JIS News

The National Water Commission (NWC) intends to launch an aggressive public education campaign this year to promote water conservation efforts and educate customers about practices which affect their bills.
Corporate Public Relations Manager at the NWC, Charles Buchanan, told a JIS ‘Think Tank’ session earlier this week, that consumers often complained about exorbitant water bills and ignored consumption patterns.
“Most customers will look at the money value and not at the amount consumed. They’ll simply say that ‘it come up to too much’. In most instances it can be explained by simply looking at the consumption.
Unfortunately, many of our customers are not sufficiently attuned to monitoring their consumption and therefore this is affecting the outcome of their water supply bills,” Mr. Buchanan explained.
The NWC official cited an example to highlight how consumers could benefit from increased vigilance. He referred to a school that “complained bitterly that their water supply bill was just too high”. After investigations by the NWC and school administrators, it was discovered that 14 of the school’s toilets were “running continuously” and the result was reflected in the bills.
“That source of leakage, which is the toilet, is the one which goes on without anybody noticing it. It is not wetting up the place, it is not causing anybody any inconvenience and in many instances people do not even recognise it because, unless you are looking for it, you might not recognise it as a leak,” he told JIS News.
Another way in which the public can save on water bills is to find alternative water sources for non-domestic uses. Mr. Buchanan pointed out, for example, that treated potable water was not a requirement for farming activity and persons who had small farms or gardens might find it much cheaper to use containers or tanks to establish “rainwater catchments” on their property, so that during dry periods, they would have water.
Persons or groups who have farms or large gardens and are interested in establishing their own water supply systems, could contact the NWC, which would provide technical assistance to get the project off the ground and also identify other avenues of support.
“We have been encouraging and in some instances we have provided assistance to some agencies and groups who operate large areas. We will provide you with whatever technical support, so that you can look at the possibility of having your own well on your property.this takes a strain off the water supply system,” he said.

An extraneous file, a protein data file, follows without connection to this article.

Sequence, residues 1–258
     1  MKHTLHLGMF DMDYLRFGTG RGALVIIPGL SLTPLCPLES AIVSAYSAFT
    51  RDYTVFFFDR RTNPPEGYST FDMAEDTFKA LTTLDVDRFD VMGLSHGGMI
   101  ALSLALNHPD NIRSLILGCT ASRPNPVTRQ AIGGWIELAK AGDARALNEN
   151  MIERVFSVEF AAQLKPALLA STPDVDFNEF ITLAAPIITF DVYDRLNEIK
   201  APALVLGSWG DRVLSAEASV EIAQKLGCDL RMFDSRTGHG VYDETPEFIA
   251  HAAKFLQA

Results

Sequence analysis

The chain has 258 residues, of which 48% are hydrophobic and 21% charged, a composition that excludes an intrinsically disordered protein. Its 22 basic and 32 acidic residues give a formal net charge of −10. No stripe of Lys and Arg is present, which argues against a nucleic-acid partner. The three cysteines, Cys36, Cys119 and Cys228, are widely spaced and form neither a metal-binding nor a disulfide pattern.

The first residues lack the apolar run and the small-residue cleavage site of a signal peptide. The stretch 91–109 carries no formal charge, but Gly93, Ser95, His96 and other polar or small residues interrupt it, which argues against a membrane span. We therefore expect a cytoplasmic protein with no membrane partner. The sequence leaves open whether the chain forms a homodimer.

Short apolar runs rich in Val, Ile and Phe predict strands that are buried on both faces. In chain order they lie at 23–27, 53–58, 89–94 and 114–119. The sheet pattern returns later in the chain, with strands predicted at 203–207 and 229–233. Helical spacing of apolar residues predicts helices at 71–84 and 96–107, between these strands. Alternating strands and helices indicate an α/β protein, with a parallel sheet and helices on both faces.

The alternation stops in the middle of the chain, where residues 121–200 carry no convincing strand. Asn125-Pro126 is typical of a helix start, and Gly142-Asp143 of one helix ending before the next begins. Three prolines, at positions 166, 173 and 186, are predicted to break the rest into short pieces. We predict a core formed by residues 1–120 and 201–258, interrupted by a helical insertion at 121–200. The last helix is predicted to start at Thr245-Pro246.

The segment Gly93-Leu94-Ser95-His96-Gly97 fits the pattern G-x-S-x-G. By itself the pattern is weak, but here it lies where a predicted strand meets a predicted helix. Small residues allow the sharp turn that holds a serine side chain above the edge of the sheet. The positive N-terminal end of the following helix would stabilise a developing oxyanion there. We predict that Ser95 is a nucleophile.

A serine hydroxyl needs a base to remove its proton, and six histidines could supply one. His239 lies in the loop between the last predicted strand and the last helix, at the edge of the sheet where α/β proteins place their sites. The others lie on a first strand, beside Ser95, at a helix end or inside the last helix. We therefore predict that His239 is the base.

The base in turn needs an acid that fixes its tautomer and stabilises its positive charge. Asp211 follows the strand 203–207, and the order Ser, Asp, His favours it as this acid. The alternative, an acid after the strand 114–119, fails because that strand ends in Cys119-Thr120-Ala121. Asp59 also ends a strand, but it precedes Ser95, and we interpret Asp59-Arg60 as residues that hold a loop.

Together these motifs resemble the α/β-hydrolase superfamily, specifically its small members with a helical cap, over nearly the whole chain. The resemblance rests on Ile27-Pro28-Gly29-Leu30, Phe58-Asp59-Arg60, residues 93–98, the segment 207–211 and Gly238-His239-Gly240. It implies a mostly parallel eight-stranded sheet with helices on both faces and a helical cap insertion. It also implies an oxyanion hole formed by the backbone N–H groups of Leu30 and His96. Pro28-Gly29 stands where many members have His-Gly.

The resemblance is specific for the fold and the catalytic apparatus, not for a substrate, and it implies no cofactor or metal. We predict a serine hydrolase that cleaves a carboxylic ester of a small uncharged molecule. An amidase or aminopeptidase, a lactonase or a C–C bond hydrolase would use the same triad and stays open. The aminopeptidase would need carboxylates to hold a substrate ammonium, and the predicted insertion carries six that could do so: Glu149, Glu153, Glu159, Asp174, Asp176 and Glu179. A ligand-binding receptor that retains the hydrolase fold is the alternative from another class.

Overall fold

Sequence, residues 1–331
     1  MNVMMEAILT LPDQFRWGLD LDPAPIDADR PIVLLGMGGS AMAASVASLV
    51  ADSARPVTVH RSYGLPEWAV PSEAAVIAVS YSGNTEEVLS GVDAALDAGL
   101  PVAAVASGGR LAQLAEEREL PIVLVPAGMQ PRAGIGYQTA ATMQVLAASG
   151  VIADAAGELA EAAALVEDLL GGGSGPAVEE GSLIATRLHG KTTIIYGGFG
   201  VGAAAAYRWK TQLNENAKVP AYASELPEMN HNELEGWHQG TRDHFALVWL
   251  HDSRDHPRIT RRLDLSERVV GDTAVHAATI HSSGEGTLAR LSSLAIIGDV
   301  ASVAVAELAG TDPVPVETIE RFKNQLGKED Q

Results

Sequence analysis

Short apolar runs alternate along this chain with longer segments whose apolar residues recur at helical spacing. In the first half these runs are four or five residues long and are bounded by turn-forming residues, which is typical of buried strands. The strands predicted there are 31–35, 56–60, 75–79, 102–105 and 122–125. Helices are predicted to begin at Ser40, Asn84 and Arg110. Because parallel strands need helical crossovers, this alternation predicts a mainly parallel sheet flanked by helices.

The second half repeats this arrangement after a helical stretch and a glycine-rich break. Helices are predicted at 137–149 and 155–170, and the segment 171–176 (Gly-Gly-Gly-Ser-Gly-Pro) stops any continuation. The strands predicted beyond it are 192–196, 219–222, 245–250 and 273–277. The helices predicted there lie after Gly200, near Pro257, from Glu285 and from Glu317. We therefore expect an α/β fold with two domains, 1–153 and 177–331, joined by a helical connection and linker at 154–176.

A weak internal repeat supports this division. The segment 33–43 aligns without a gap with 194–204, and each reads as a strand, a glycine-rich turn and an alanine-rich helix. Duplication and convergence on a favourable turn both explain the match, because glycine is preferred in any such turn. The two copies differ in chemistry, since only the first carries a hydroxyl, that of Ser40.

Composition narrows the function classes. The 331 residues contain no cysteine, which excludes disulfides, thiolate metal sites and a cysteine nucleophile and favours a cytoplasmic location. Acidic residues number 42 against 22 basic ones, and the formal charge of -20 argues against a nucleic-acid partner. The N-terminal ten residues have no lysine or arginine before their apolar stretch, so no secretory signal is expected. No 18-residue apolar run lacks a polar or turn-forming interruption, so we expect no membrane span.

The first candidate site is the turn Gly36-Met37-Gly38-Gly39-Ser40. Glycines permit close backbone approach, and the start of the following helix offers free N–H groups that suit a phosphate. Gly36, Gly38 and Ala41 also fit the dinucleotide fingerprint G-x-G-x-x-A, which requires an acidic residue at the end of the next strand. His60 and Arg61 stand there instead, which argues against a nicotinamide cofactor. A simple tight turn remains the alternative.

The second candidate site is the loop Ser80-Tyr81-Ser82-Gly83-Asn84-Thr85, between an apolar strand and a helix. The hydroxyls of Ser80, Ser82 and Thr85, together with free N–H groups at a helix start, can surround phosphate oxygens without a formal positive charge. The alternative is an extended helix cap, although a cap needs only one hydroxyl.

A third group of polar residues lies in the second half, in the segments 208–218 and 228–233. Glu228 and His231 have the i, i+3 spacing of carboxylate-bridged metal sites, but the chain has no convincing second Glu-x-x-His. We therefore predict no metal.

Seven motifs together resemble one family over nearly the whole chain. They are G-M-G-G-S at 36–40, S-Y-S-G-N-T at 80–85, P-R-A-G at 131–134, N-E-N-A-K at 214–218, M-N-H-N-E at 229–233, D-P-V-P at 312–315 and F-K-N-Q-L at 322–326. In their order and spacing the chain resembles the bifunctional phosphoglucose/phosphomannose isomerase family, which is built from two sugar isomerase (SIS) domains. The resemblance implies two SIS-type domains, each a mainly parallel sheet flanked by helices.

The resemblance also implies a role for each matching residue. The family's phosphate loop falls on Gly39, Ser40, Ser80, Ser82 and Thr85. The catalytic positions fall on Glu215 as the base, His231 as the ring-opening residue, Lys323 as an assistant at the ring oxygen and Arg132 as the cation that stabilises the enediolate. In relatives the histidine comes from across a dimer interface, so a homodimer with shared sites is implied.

Conservation efforts are relevant in light of the fact that the Office of Utilities Regulations (OUR) last November granted the utility company a 26.23 per cent tariff adjustment on its water and sewerage rates. This increase became effective on January 1.
The public is therefore encouraged to note the pointers provided by the Commission:
. Economise – Be conscious of the amount of water you use. For example, when brushing teeth, instead of having the tap running, use a glass of water. Also, practise washing your car with a bucket of water instead of a running hose. Instead of washing driveways, sidewalks, gutters and steps, use a hard broom to sweep these areas.
. Fix Leaks – A dripping faucet or shower or leaking toilet can make a major difference in your water bill. A leak of merely 1 drop per second wastes 2,400 gallons per year and puts a big dent in your pocket. Be sure to switch off taps tightly.
Most leaks are easy to repair with basic know-how and a few simple tools. Worn washers cause many leaks in faucets so if, despite your best efforts to close tightly, the pipe is still leaking, fix it or call in a plumber. Also, check your toilet for leaks. The rubber bung (also called the plunger ball) in your toilet tank is sometimes the source of undetected leaks, as it wears with age. Be extra vigilant in checking for this.
. Water-saving Devices – There are a number of simple devices that can significantly reduce water usage. These include aerators, flow regulators and displacement devices. Install water-saving showerheads and flow restrictors in the bathroom, that will save you thousands of gallons of water every year, not to mention the money you will save.
. Re-use Water – Used water, such as at the kitchen sink and at the washstand, is often suitable for other purposes. If this “grey water” is used more than once, it saves water for other uses. An excellent use for this type of water is the watering of plants and gardens.
For more information on how you can conserve water, call the Public Relations Department of the NWC at 929 5430-5, visit the nearest NWC office, or visit their web site at

Skip to content